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UK Supermarkets Missing a Trick to Capture the Halal Market

UK supermarket heavyweights are getting better at identifying opportunities to promote Ramadan and are becoming increasingly attuned to highlighting halal products for their consumers.

However, Rachel O’ Brien, director at UK-based retail consultancy Arc Retail said, “There is a lot more UK supermarkets could do to capture the halal market.”

To meet demand some supermarket chains across the UK are offering special aisles for Ramadan dedicated to halal food and products. During Ramadan and the Eid al Fitr holiday Tesco runs special offers on over 200 products, such as dates, its own-label chapatti flour, as well as discounted electrical items including rice cookers.

“Ramadan is an important time of year for many of our customers and colleagues,” said a spokesperson at Tesco. “To help celebrate, we’re offering a selection of products in store and online,” they added.

Tesco, the UK’s leading supermarket chain by market share, recently launched Delisia in its UK stores, a wholly-halal brand owned by Germany’s ZMG. It offers a range of convenience meat-based products including sausages, cooked meats and chicken products. Tesco has also opened concessions of halal butchers selling fresh meats within its stores in specific areas of the UK that have higher Muslim populations, including in Bradford where around a quarter of the city’s roughly 531,200 inhabitants is Muslim.

Delisia also launched in Asda in early May with the store historically taking the lead in launching new Ramadan-related ranges and seasonal offers. The retail chain has actively made efforts over recent years to engage with the UK Muslim community. “We are supporting four charities during Ramadan including the As Suffa Institute, which operates an outreach food bank project and homeless project which is active in seven major cities across the UK,” said a spokesperson at Asda.

Sainsbury’s and Morrisons, UK’s second and fourth biggest chains by market share, didn’t return requests for comment.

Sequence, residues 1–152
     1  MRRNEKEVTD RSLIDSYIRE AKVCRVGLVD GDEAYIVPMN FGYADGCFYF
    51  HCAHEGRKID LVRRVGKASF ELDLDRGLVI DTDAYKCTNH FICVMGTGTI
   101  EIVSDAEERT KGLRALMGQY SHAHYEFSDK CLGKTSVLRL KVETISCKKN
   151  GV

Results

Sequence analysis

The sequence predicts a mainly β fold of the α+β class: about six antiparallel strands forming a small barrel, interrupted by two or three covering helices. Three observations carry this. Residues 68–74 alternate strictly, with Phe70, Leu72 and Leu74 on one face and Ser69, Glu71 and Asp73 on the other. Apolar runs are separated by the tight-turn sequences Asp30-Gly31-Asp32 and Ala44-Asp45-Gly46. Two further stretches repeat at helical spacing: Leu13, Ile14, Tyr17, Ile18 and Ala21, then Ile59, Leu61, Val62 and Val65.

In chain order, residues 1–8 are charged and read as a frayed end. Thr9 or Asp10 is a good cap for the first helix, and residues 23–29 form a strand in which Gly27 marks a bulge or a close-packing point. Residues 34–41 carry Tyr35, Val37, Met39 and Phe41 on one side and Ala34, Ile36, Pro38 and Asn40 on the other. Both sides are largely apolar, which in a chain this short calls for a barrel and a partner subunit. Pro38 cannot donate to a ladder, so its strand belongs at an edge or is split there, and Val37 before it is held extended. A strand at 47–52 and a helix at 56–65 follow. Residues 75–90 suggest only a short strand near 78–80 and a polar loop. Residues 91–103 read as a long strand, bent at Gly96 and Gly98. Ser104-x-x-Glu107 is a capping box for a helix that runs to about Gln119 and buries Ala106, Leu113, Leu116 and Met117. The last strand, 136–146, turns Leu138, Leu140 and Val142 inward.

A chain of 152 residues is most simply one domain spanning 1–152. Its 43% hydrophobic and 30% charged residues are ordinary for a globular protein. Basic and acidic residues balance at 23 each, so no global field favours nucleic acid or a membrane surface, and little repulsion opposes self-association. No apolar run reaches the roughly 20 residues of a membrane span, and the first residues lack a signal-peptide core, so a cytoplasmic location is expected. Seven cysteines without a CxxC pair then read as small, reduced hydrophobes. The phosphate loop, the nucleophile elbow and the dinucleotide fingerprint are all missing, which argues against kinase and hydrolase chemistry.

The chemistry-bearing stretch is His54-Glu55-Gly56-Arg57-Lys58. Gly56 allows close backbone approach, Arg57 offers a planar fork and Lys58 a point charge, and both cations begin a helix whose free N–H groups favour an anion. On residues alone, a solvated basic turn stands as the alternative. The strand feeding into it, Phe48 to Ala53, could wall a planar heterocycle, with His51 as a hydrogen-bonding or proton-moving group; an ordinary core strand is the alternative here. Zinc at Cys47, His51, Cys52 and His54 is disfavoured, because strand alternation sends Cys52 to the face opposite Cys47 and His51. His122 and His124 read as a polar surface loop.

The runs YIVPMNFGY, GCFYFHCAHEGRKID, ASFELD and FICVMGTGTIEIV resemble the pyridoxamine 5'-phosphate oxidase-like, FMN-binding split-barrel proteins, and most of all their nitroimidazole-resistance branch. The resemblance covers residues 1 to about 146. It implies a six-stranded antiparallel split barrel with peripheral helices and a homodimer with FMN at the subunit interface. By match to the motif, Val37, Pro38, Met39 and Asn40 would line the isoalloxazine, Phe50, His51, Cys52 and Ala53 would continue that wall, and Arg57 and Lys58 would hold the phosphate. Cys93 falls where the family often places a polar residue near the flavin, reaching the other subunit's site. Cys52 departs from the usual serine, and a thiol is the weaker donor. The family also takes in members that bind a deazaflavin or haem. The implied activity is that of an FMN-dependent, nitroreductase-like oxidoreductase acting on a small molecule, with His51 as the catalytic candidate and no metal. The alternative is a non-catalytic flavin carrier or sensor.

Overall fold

In recent years the demand for halal products has soared. “The real turning point for halal in mainstream retail was the publication of the UK 2011 census, which asked respondents their religion for the first time,” said Imran Kausar, co-founder of UK halal food brand Haloodies, which competes with Delisia and is also available in Tesco, Sainsbury’s and Morrisons.

In 2011, 2.7 million, or around 5 percent of the population, identified themselves as Muslim, compared with 1.5 million, or 3 percent of the population in 2001, according to figures from the UK’s National Statistics Office. This is equivalent to an 80 percent increase in the British Muslim community.

In line with this growth, sales of halal produce in the UK hit 2.6 billion British pounds ($3.33 billion) in 2011, estimated the World Halal Forum.

British Muslim spending power is currently pegged at around 20.5 billion pounds ($26.25 billion) and the UK halal market is worth around $5 billion, according to Thomson Reuters.

The halal potential will grow alongside that of the British Muslim population, which, by 2030 is seen growing to 5.6 million, or 8.2 percent of the population, estimates the Pew Foundation.

These growth rates, coupled with the high spending seasons of Ramadan and Eid holidays, could potentially be huge for retailers. But industry players and thought leaders are painting a different picture.

“UK and European supermarkets are still not making the most of the Muslim pound,” according to Haloodies’ Kausar. “They have a real opportunity to make a lot more, as increasingly consumers require convenience, which mainstream retail is able to provide.”

source: salaamgateway

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